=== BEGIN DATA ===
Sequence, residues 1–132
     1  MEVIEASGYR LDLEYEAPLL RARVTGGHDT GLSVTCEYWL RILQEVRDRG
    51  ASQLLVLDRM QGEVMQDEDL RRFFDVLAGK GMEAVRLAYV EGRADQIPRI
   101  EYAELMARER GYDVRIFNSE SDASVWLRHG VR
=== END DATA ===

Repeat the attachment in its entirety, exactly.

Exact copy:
Sequence, residues 1–132
     1  MEVIEASGYR LDLEYEAPLL RARVTGGHDT GLSVTCEYWL RILQEVRDRG
    51  ASQLLVLDRM QGEVMQDEDL RRFFDVLAGK GMEAVRLAYV EGRADQIPRI
   101  EYAELMARER GYDVRIFNSE SDASVWLRHG VR